I was going to reply to BSK's thread on flash extenders but didn't want to hijack it with the exact opposite MO. Those flash extenders enable you to do some pretty cool stuff. But I'm into photography and animals, so I want my camera to take a great photo, and I want to manipulate that animal to come in as close as I can get it to catch every bit of its personality on film.

Of course, our applications couldn't be more different. I have only white flash cameras because all black flash photos by definition, SUCK! (I'm just talking about for photography purposes, not for counting points.)

I have only cameras that have an option to lower the flash level. Even on its lowest setting, I still rig my cameras with an extra filter to soften the flash even more. The main object is to constrict the flash, not extend it.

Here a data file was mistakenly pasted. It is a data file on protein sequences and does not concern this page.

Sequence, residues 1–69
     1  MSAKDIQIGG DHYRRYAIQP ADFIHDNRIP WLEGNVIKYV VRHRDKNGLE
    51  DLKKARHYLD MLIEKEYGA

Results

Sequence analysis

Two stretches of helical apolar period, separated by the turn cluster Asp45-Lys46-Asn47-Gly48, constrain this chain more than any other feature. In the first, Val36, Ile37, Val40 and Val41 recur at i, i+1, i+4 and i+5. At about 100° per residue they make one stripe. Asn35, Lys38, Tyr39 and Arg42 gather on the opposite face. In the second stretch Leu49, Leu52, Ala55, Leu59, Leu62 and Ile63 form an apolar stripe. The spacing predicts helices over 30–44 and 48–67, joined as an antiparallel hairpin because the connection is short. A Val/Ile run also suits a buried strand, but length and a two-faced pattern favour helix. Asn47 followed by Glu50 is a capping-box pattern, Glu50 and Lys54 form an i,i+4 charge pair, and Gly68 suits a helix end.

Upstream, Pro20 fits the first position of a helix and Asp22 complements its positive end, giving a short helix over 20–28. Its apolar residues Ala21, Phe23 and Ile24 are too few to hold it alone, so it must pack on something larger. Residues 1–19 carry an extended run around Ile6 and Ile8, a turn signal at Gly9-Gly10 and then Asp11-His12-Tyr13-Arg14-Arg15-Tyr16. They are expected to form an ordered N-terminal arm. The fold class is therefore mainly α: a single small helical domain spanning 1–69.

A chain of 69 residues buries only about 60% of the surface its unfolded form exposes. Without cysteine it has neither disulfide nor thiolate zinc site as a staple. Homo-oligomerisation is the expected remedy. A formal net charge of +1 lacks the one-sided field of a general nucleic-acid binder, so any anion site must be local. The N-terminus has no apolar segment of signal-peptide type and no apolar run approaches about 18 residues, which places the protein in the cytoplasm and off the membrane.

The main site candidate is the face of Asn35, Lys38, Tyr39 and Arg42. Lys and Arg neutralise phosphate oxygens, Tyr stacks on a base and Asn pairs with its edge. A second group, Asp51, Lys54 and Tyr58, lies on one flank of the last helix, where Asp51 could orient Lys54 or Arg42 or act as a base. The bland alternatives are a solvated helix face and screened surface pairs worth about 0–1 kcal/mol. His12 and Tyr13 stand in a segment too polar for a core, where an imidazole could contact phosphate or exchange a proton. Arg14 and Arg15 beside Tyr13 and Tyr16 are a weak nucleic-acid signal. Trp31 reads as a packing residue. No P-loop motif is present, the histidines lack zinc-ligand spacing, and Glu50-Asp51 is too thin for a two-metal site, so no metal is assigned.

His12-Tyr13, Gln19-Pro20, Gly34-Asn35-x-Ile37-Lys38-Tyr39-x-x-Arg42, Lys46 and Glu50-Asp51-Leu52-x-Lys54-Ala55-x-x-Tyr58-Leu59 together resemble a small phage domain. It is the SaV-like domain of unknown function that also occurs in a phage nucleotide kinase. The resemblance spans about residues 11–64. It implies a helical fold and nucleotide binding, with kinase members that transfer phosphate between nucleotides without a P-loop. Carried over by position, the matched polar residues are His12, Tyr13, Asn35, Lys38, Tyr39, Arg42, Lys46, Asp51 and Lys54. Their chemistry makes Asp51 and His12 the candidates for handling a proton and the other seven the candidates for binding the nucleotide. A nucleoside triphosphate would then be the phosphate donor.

That way, I can get close-ups that don't blow out the animal and its eyes. I keep the flash on for day shots to fill in the shadows.

Most of my target animals are smaller animals like bobcats, foxes, coyotes and hawks, so I try to lure the subject within two feet of the camera but might go out as far as five feet. Deer and turkeys are bigger, so I can reach out as far as eight feet and still get decent shots (although the best ones are still within three feet).

If I want to kill deer or count deer, well, that's a whole different story. ;\)

I only mention all this because I think folks miss out on a bunch when they limit themselves to crappy, blurry, black and white, distant photos.

This isn't that great a photo, but notice how the soft flash just slightly lights up the buck but doesn't blow him up with light. The background is still dark. Close-ups are what trip my trigger, my friend.

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It is not the killing ...; it is the contest of skill and cunning. The true hunter counts his achievement in proportion to the effort involved and the fairness of the sport.

Dr. Saxton Pope